Author of the week
Novelist Marcus Sakey has some strange luck, said Hillel Italie in the Associated Press. Back in 2003, after 10 years of working in advertising, the Flint, Mich., native had finally gotten up the courage to quit and pursue a career in fiction writing when he pulled the boss aside and was told he was being let go. “It was a bit of a karmic kick in the pants,” Sakey says. Four years later, Sakey published The Blade Itself, the first of 10 novels to date, including several best-sellers and one, Good People, that became a Hollywood crime thriller. Now 43, Sakey is currently working on a screen adaptation of his latest book, Afterlife, the seed of which he traces to a dream—a dream in which he had died but was wandering around an abandoned Chicago.
Sakey had to do more than merely transcribe what he’d seen while sleeping. What interested him was that he wasn’t scared until he woke up next to his wife and imagined what it would be like if he, once dead, could see her but no longer communicate with her. He knew immediately that the dream was “juicy” enough to give birth to a novel, but he wasn’t sure how to get the feeling it gave him onto the page. “It took months of banging head-shaped holes in the wall before I found the answer,” he says. Afterlife is, in The Hollywood Reporter’s summary, about two romantically entwined Chicago FBI agents whose pursuit of a serial killer “takes them into the afterlife, where souls in transit face off against an army of evil cannibals.” Says Sakey, “I didn’t want to write a dream—I wanted to write a myth.”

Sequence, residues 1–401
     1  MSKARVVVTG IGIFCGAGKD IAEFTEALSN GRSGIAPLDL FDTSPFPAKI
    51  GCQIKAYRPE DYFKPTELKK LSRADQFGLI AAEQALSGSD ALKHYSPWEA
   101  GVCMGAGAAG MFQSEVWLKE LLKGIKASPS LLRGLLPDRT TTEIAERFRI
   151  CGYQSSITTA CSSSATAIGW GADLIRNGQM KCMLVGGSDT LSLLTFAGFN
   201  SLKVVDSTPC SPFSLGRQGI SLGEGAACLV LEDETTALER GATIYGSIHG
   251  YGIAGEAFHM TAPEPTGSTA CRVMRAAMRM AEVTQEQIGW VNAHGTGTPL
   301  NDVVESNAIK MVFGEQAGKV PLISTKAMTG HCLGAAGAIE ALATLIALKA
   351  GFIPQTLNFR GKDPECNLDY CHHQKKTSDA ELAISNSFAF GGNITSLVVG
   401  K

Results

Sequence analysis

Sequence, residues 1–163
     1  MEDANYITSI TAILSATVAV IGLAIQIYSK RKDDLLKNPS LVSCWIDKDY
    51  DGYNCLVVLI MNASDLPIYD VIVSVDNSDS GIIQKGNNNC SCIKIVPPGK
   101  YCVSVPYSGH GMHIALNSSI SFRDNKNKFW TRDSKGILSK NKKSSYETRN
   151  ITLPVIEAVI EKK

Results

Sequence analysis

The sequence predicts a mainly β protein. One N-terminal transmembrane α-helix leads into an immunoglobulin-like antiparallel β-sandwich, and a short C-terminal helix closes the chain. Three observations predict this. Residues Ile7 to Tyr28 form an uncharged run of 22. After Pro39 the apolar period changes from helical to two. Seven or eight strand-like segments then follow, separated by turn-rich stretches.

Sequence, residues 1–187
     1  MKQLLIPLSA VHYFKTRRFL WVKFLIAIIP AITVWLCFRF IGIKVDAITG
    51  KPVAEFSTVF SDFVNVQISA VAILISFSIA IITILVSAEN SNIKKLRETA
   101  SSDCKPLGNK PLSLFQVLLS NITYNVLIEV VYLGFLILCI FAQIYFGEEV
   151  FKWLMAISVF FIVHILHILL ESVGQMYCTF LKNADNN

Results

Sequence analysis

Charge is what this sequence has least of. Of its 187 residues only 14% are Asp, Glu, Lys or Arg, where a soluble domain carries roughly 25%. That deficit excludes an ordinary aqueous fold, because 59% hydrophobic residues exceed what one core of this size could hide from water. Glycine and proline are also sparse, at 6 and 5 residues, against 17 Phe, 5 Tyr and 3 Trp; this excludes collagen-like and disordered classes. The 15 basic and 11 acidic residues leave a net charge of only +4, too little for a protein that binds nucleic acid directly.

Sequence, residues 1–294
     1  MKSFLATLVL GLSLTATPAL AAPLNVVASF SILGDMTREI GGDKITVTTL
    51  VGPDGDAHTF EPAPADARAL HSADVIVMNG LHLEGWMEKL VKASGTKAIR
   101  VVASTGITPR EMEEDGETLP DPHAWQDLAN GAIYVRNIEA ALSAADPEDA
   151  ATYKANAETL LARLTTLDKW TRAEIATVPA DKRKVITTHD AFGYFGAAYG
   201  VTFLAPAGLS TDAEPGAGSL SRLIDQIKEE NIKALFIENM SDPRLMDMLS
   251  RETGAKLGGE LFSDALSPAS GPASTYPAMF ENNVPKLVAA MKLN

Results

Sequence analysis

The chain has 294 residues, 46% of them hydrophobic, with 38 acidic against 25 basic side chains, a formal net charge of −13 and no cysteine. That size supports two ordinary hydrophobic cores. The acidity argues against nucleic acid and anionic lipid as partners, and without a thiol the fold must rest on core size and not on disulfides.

Ben E. King, The Brothers Castle ■